Landmark patent case will determine whether you can ever truly own a device again


Former IBM division Lexmark (which, a decade ago, lost a key copyright case that tried to ban ink-toner refilling) is headed to court in a patent case called Lexmark v. Impression, where it argues that patent law gives it the right to restrict your use of your property after you buy it. Read the rest

VW con produced as much extra air pollution as all UK power generation, industry, ag & vehicles


Volkswagen's intentional fraud resulted in an extra 1,000,000 metric tons of air pollution being spewed into the skies over America; if they'd extended the con to Europe (where there are far more diesels), it would have been orders of magnitude worse. Read the rest

Dear Internet of Things: human beings are not things

My new Locus column is What If People Were Sensors, Not Things to be Sensed? Read the rest

Your baby monitor is an Internet-connected spycam vulnerable to voyeurs and crooks

Researchers revealed ten major vulnerabilities in Internet-of-Things babycams from a variety of vendors ranging from spunky startups like Ibaby Labs to rock-ribbed (and deep-pocketed -- attention, class actioneers!) giants like Philips. Read the rest

Samsung fridges can leak your Gmail logins

Researchers at Pen Test Partners took up the challenge to hack a smart fridge at Defcon's IoT Village, and discovered that they could man-in-the-middle your Google login credentials from Samsung fridges. Read the rest

Insurance monitoring dashboard devices used by Uber let hackers "cut your brakes" over wireless

UCSD computer scientist Stefan Savage and colleagues will present their work at Usenix Security: they were able to disable the brakes on a 2013 Corvette by breaking into a Mobile Devices/Metromile Pulse dongle, used by insurance companies to monitor driving in exchange for discounts on coverage. Read the rest

After a rush, aviation stopped "progressing" -- the Web might be next

Maciej Cegłowski's "Web Design: The First 100 Years" is a characteristically provocative riff on the past and future of "progress" that asks the question, if aviation stopped producing faster, more powerful aircraft in the 1970s, will the IT industry do the same? Read the rest

Internet-connected hospital drug pumps vulnerable to remote lethal-dose attacks

Researcher Billy Rios (previously) has extended his work on vulnerabilities in hospital drug pumps, discovering a means by which their firmware can be remotely overwritten with new code that can result in lethal overdoses for patients. Read the rest

If you want a picture of the future, imagine a Roomba leaking pix of your home, forever

The game-plan for future Roombas may fit them with cameras that send images of your home to a remote service that identifies obstacles and lets the little robots clean around them -- what could possibly go wrong? Read the rest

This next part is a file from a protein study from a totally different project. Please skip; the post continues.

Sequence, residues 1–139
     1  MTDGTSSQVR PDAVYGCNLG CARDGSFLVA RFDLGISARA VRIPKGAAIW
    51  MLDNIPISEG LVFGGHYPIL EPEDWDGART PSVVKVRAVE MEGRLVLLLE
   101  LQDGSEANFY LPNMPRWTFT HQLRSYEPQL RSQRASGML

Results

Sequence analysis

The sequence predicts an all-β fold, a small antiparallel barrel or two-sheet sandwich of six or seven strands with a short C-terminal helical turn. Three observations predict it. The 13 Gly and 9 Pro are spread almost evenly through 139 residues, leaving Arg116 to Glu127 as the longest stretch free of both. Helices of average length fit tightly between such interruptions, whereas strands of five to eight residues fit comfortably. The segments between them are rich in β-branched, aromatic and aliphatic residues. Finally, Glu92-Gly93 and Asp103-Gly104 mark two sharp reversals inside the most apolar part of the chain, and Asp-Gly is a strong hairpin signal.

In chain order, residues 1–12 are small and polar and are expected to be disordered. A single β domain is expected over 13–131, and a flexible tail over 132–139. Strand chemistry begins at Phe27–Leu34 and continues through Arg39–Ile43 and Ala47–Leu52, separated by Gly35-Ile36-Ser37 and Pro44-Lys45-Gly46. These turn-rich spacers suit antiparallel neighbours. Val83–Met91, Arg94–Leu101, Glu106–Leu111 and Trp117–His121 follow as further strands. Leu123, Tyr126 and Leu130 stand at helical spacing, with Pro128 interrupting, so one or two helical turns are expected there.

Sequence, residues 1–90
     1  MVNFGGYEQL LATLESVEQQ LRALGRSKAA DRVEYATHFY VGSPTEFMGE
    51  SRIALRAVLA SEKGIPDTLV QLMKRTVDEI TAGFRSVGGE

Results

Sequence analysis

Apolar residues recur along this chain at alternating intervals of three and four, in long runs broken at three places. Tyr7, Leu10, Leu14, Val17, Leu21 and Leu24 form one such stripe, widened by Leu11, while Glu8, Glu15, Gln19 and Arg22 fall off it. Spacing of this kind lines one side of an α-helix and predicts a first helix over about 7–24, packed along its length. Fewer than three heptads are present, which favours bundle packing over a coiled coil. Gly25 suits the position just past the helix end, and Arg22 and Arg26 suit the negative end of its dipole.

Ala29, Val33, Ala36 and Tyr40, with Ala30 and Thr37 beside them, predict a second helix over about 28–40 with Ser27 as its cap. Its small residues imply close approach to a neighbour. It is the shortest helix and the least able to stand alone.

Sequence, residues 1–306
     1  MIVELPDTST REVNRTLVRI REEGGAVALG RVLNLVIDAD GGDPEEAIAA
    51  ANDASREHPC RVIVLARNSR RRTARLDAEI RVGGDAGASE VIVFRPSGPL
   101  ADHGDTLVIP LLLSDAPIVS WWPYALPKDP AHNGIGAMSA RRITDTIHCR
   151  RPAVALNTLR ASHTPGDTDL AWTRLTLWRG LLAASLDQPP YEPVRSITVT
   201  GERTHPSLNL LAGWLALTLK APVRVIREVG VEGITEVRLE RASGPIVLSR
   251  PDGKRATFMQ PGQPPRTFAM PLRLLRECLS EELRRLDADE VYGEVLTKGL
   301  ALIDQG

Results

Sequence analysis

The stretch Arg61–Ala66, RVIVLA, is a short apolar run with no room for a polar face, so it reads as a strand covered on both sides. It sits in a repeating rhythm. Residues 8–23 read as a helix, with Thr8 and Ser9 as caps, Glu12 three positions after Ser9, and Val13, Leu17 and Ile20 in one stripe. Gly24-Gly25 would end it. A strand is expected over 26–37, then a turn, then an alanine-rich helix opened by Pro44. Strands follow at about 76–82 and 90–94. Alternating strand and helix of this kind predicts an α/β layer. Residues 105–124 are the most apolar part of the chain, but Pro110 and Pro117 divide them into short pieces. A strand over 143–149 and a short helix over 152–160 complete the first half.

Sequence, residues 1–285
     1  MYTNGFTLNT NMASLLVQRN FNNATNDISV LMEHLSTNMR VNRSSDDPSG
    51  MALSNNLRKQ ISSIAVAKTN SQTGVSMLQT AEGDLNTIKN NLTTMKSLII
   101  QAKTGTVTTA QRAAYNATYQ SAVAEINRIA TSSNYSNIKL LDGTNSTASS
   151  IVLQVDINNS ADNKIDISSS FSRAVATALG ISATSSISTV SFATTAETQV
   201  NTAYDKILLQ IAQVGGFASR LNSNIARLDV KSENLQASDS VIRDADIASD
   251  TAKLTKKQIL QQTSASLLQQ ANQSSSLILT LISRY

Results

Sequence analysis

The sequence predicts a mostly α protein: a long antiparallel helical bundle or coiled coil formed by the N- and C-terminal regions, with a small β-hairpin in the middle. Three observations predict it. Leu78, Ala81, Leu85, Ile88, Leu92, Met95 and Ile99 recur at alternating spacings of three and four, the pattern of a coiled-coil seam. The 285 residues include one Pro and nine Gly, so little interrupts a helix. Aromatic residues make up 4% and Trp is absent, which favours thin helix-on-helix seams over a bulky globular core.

John Deere: of course you "own" your tractor, but only if you agree to let us rip you off

John Deere freaked out over a a petition to the Copyright Office to let tractor owners break the DRM on their vehicles in order to diagnose and fix them. Read the rest

Self-sustaining botnet made out of hacked home routers

Telcos send routers with default passwords to their customers, who never change them, and once they're compromised, they automatically scan neighboring IP space for more vulnerable routers from the same ISP. Read the rest

Smart Grid consortium rolled its own crypto, which is always, always a bad idea

When you make up your own crypto, it's only secure against people stupider than you, and there are lots of people smarter than the designers of the Open Smart Grid Protocol, who rolled their own (terrible) crypto rather than availing themselves of the numerous, excellent, free public cryptographic protocols. Read the rest

Drug pump is "most insecure" devices ever seen by researcher

Security researcher Jeremy Richards has called the Hospira Lifecare PCA 3 drug-pump "the least secure IP enabled device" he's examined. Read the rest

An Internet of Things that do what they're told

California's phone bricking bill seems to have reduced thefts in the short run, but at the cost of giving dirty cops and wily criminals the power to wipe-and-brick your phone at will. Read the rest

If dishwashers were Iphones

My latest Guardian column is design fiction in the form of an open letter from a dishwasher company whose kitchenware marketplace and Dish Rights Management system is under fire. Read the rest

Samsung: watch what you say in front of our TVs, they're sending your words to third parties

Part of the Samsung Smarttv EULA: "Please be aware that if your spoken words include personal or other sensitive information, that information will be among the data captured and transmitted to a third party through your use of Voice Recognition." Read the rest

Why "smart cities" should be an Internet of People, not Things

Adam Greenfield proves again that he's one of the best writers and thinkers on "smart cities," explaining how the top-down, expensive, tech-centered approach produces unlivable corporate dystopias in which people are just another "thing" to be shuffled around -- and showing that there's an alternative, low-tech, high-touch, human-centered version of the smart city that makes resilient, thriving communities. Read the rest

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